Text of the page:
The record sounds fun. Was it liberating to write a record based entirely around characters, removing yourself from the equation?
Lyrically, it was a little weird writing it, and thinking of that small niche of supporters, I’m no dolt. I recognize what they want out of me lyrically, which is something highly personalized. But, this record is rooted in something that is highly personal. It’s based off of my own experiences, as far as us struggling with conscious and voices that refuse to get along in our heads. But, the fun part was going way off the rails to the point where it became a highly fictionalized thing, as far as how weird and surreal it got. But, I’m looking at it as just trying different forms of fiction, throwing it out there, and hoping it works.
I can’t remember if you have a brother, but I was wondering if this was some sort of weird sibling therapy?
(Laughs) No, and I hope he doesn’t think that.
Why do you think Omaha and the Saddle Creek sound shaped the way it did? On the surface, there’s not a lot of angst.
I don’t know. I see a thread in all the Saddle Creek bands, and a certain kind of melody. I hear it in all the bands, and even newer Omaha bands. I don’t really know how or why we ended up as this kind of hard rock band. I guess I did end up pretty pissed off as a teenager, for whatever reason.
You weren’t dark and brooding though.
No, but I carried a lot of things with me back then, and I don’t do that at all anymore. Going back to this being a fun album and some of the criticisms, people still see it as dark. I actually agree with that, and I don’t know what’s wrong with me. It’s a little upsetting for me to set out and have a lot of fun making a hard rock record, and it still comes out sounding grim. But, that’s just what came out. This is yet another record, of so many records that I’ve done, I’ll think that I’ve done something different, maybe a little normal and lighthearted, and then it’ll be pointed out that it’s not. I don’t know if it’s a thing that I’ll ever get over. If I don’t, then fuck it.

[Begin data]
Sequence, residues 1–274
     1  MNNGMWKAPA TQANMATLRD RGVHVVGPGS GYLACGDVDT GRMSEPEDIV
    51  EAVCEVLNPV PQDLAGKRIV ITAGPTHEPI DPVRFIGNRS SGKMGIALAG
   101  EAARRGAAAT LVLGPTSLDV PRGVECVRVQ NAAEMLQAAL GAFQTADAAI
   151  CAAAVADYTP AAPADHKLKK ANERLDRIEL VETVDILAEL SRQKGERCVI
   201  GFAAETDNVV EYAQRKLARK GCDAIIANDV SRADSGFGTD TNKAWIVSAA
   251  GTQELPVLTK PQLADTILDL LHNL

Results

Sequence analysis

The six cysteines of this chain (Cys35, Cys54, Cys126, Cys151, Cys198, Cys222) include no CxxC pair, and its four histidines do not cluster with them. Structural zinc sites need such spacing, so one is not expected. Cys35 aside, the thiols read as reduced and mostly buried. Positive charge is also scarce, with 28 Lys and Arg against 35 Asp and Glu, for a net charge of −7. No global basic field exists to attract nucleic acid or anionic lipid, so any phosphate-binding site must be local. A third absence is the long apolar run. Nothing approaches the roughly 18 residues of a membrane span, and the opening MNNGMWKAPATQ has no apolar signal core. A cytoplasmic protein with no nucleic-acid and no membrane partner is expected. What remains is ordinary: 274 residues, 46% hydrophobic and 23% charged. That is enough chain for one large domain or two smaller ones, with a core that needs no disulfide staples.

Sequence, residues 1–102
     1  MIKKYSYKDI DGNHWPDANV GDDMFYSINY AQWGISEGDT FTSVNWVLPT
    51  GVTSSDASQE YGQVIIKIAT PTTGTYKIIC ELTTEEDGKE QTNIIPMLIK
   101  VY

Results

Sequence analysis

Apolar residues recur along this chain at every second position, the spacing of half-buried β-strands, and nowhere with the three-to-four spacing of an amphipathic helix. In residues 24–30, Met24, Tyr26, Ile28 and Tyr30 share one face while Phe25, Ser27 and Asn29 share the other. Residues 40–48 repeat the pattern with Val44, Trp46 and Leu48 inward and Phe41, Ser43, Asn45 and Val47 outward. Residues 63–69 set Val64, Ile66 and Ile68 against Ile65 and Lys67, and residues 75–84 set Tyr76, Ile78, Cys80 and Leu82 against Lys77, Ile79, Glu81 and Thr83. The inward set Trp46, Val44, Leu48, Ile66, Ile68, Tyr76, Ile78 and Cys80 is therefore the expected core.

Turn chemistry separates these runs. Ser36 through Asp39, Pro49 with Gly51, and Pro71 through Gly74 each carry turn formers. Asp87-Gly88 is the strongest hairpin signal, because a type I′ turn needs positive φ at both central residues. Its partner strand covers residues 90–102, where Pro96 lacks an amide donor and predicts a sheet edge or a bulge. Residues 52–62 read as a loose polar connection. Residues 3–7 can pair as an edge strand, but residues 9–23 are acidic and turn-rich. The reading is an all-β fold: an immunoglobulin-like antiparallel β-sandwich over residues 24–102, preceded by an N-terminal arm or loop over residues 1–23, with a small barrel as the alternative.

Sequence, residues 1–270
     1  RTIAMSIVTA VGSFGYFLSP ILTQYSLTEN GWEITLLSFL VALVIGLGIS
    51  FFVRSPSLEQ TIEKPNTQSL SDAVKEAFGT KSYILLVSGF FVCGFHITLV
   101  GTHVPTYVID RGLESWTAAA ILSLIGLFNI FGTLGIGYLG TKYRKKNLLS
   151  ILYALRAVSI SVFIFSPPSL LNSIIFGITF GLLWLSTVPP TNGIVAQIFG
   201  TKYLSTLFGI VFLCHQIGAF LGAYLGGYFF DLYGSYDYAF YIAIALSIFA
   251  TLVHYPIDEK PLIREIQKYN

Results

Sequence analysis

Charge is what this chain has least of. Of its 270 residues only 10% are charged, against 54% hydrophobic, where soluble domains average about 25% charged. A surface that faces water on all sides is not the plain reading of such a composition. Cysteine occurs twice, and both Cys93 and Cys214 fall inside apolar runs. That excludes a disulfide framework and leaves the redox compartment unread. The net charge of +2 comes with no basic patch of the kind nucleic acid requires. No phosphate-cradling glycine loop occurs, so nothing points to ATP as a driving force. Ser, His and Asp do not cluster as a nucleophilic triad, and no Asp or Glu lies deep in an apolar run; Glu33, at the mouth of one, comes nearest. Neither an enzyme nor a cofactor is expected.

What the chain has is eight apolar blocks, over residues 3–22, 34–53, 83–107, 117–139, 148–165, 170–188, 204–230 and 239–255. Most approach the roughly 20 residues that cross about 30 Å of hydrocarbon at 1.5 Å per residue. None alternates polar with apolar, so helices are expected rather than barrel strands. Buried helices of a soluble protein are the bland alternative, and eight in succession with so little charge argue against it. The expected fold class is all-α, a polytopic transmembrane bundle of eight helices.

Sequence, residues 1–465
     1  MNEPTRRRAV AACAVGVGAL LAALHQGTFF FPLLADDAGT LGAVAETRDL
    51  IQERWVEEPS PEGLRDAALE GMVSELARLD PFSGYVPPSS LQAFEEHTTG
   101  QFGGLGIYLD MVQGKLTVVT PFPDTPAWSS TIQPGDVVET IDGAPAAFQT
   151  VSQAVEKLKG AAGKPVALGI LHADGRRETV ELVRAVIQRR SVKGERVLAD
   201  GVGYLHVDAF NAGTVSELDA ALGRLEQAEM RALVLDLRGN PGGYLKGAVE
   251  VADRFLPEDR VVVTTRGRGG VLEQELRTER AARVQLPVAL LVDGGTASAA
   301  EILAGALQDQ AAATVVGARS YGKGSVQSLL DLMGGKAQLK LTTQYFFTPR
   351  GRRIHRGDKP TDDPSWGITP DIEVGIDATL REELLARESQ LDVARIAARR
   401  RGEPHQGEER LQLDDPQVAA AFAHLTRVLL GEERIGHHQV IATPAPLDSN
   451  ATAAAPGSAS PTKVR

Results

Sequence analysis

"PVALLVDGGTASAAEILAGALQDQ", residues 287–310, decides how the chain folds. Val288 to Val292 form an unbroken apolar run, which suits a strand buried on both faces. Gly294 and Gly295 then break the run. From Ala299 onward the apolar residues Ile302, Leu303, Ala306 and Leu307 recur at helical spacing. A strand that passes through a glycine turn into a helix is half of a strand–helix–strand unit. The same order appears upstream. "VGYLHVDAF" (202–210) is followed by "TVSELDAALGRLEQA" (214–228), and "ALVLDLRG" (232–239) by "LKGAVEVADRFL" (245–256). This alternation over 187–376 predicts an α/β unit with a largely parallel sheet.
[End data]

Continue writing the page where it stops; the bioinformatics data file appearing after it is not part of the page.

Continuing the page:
Could you write a happy, two minute pop song?
I can, and I do, but I don’t like them as much. When I write a happy, upbeat tune, it feels like a confection. It’s not my forte, and not what I’m supposed to be doing. I get burned out on them really quick, and they never last.
What brought you and Matt Maginn together? You guys have been making music in various incarnations since the early ‘90s.
We were pretty intense music fans. We loved Joy Division and New Order, The Smiths, The Cure and The Jam. A lot of British pop, and melodrama pop. That was the primary ‘80s stuff. In the ‘90s, it was a lot of indie rock. We started the March Hares in 1990 or something. Our parents are friends, so we grew up together.
Would you recommend starting a band with a best friend?
It depends on the friend. Matt and I take care of each other, and that’s how we stay together. We’ve proven to be a really good team. Even from the very beginning, I was learning to play guitar, so he was like ‘I’m gonna get a bass!’
Was he pissed that you got dibs on the guitar?
He picked up a bass because he didn’t want to follow in my footsteps. He just said ‘Alright, bass is cool. That’ll be my thing.’ When you’re kids, you want to have your own identity. With that spark of independence, we realized that if we started a band, we’d already have those pieces together. You buy that gear, I’ll buy this gear. As for the way we evolved, I just became more of a songwriter, and he got more interested in the business side of it, so we just became a really great team. He takes care of all the things that I don’t want to, and I take care of the songwriting.
When you first started making music, how did you view your career trajectory? Are you where you want to be right now?
Growing up in Omaha, the bar was really low. I don’t want to say that it was such a negative atmosphere, but it was the attitude that what we were doing was 100% impossible. That fueled the fire, and as a teenager, you really want to be a part of something. I really think back fondly of myself back then, and the passion to be in music was insane. I thought about it constantly and worked on it constantly. I’m pretty psyched to be where I am. It’s wild, and really nice, at least for the time being, to have a career as a writer. We’ll see how long it lasts.
// Sound Affects
"Like too many great bands, Lowercase have never received their full due. Ragged, deeply, sometimes even awkwardly, personal music like theirs typically becomes the property of small but passionate fanbases.READ the article